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Saturday, June 23, 2018

Japan's Odor Tracking Robot

Whomever smelt it dealt it...

Fart jokes aside, I love dogs.

I have, up until very recently always been surrounded by dogs. I’m at ease around them, and they around me.

I am also fascinated by working dogs—the critters who work for the visually-impaired, the dogs who sniff out contraband at post offices and airports, canines who work alongside hunters, or who (used to) be rescue people who got lost in the woods or buried under an avalanche, and other working canines as well…

The one type of dog that I have not had the pleasure of seeing in action (and perhaps that’s a good thing) are the police dogs who are used to track suspects or even the so-called cadaver dogs.

While I was in Japan for three years teaching English, I did not have a doggie companion - though my neighbor across the street from my apartment condo did, letting him bark early in the morning and late at night. While I had a dislike for that dog, I realize I should have had a mad-on for the dog's owner.

There are no bad dogs, just bad owners.

But… Japan is at it again, however, seeking to deprive man of his best friend by replacing him with a robot.

I’m not talking about those robotic canine toys… no… I’m talking about a prototype robot developed by scientists from Kyushu University… a robot that can detect and track smells (spoors) left on the ground.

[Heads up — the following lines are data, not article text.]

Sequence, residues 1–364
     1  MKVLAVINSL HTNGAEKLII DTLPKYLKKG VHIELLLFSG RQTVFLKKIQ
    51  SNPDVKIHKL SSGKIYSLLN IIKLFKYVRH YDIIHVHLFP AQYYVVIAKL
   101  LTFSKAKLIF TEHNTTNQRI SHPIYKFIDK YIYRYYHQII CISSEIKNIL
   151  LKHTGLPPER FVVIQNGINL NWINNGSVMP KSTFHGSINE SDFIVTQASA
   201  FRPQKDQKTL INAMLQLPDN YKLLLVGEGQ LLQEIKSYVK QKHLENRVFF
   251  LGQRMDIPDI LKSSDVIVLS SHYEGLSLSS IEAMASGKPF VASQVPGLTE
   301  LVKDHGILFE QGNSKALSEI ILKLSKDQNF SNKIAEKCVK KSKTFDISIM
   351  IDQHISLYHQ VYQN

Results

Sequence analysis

There are scent-tacking robots already in existence that can track air-borne odors… but they take a long time to analyze… no, the robot I am talking about, is one than can pick-up smells from the ground, and using its caterpillar treads (think bulldozer or tank) can follow the scent at an eye-watering rate of 10 centimeters (3.9 inches) per second.

Okay… it’s only 0.36 kilometers per hour (0.223 miles per hour), which is hardly quick… so maybe my dog buddies aren’t in any danger of being replaced… just yet.

The robot is developed by Hayashi Kenshi, Sassa Fumihiro (both surname first), and Zhongyuan Yang.

While no official name has been given to the robot, according to the ACS Sensors journal where the research was published, the robot uses a bottom-mounted tube to inhale smell molecules from the ground, moving it into its LSPR (localized surface plasmon resonance) sensor.

The LSPR sensor then measures changes in light absorption via a film of gold nanoparticles after it is after it is exposed to a target gas, which is currently ethanol… though other gases are now being considered.

Whatever… it works.

In fact, the poor-mans Wall-E (that’s what it looks like to me) read the word “odor” written on the ground, and using ethanol deposits, it was able to translate it into binary code, and thus “read” the word.

Anyhow… the robot works… but it will have a ways to go until it can replace the paw patrol.

But… is it just me, or will regular police officers one day as mechanical walking aid… like on the much loved (by me) cyber punk-police drama television show Almost Human that only ran for 13 episodes in 2013-14. It starred Karl Urban from the new Star Trek movies (the dude who plays Leonard Bones McCoy).

Karl Urban (left) and Michael Ealy who, respectively, played a human cop, and the world's most handsome combat model android on the television show Almost Human.
Kanpai,
Andrew "Blaming It On The Dog" Joseph

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